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Curr Opin Genet Dev. 2014 Oct;28:43-9. doi: 10.1016/j.gde.2014.09.008. Epub 2014 Oct 14.

Cancer-like epigenetic derangements of human pluripotent stem cells and their impact on applications in regeneration and repair.

Author information

1
Institute for Cell Engineering, Johns Hopkins University School of Medicine, Baltimore, MD 21205, USA; Division of Pediatric Oncology, Sidney Kimmel Comprehensive Cancer Center at Johns Hopkins, Baltimore, MD 21205, USA.
2
Division of Cancer Biology, Sidney Kimmel Comprehensive Cancer Center at Johns Hopkins, Baltimore, MD 21205, USA.
3
Institute for Cell Engineering, Johns Hopkins University School of Medicine, Baltimore, MD 21205, USA; Division of Pediatric Oncology, Sidney Kimmel Comprehensive Cancer Center at Johns Hopkins, Baltimore, MD 21205, USA. Electronic address: ezambid1@jhmi.edu.

Abstract

A growing body of work has raised concern that many human pluripotent stem cell (hPSC) lines possess tumorigenic potential following differentiation to clinically relevant lineages. In this review, we highlight recent work characterizing the spectrum of cancer-like epigenetic derangements in human embryonic stem cells (hESC) and human induced pluripotent stem cells (hiPSC) that are associated with reprogramming errors or prolonged culture that may contribute to such tumorigenicity. These aberrations include cancer-like promoter DNA hypermethylation and histone marks associated with pluripotency, as well as aberrant X-chromosome regulation. We also feature recent work that suggests optimized high-fidelity reprogramming derivation methods can minimize cancer-associated epigenetic aberrations in hPSC, and thus ultimately improve the ultimate clinical utility of hiPSC in regenerative medicine.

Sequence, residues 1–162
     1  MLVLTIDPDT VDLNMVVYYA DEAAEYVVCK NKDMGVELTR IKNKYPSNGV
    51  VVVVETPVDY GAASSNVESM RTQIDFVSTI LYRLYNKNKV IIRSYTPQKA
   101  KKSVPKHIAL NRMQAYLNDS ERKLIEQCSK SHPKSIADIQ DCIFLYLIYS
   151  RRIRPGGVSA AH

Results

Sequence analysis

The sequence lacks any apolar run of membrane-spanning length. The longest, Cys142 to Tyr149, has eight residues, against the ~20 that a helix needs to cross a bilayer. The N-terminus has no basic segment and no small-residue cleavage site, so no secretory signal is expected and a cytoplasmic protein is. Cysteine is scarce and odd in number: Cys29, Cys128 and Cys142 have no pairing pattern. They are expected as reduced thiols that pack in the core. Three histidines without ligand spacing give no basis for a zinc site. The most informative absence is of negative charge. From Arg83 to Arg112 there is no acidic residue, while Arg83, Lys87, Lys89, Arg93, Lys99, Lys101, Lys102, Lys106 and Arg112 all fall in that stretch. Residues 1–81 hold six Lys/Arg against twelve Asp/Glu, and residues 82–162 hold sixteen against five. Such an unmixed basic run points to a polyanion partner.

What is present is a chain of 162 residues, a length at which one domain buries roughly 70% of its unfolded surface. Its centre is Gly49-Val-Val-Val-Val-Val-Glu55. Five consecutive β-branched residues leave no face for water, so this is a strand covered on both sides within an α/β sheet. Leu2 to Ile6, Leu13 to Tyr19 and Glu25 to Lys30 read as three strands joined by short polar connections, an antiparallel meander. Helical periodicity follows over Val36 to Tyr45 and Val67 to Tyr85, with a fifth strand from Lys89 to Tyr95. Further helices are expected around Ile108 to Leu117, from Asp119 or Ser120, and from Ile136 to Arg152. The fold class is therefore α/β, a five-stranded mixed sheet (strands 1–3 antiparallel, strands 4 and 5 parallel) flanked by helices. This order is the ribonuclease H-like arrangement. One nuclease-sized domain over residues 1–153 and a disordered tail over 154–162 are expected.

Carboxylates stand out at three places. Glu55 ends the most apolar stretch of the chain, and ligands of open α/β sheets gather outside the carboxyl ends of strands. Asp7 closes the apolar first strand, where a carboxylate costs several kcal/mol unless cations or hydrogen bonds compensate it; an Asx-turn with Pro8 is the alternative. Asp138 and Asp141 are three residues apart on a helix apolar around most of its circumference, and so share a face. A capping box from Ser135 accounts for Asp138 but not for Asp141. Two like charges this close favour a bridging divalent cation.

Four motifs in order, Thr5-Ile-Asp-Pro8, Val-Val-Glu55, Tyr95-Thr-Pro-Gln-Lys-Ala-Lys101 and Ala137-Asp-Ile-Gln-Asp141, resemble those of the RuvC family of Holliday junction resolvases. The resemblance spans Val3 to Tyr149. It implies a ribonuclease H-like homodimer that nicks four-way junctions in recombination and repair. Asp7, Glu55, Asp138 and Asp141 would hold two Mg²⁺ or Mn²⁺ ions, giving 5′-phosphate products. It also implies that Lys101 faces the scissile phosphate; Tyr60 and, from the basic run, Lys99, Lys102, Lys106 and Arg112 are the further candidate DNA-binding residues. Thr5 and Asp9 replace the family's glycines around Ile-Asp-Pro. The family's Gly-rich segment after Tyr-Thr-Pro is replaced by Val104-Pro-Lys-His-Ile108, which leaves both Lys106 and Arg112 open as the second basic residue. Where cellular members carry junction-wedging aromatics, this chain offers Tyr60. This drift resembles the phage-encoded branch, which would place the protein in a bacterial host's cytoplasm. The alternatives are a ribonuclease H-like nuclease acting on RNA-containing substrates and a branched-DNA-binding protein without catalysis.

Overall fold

PMID:
25461449
PMCID:
PMC4262610
DOI:
10.1016/j.gde.2014.09.008
[Indexed for MEDLINE]
Free PMC Article

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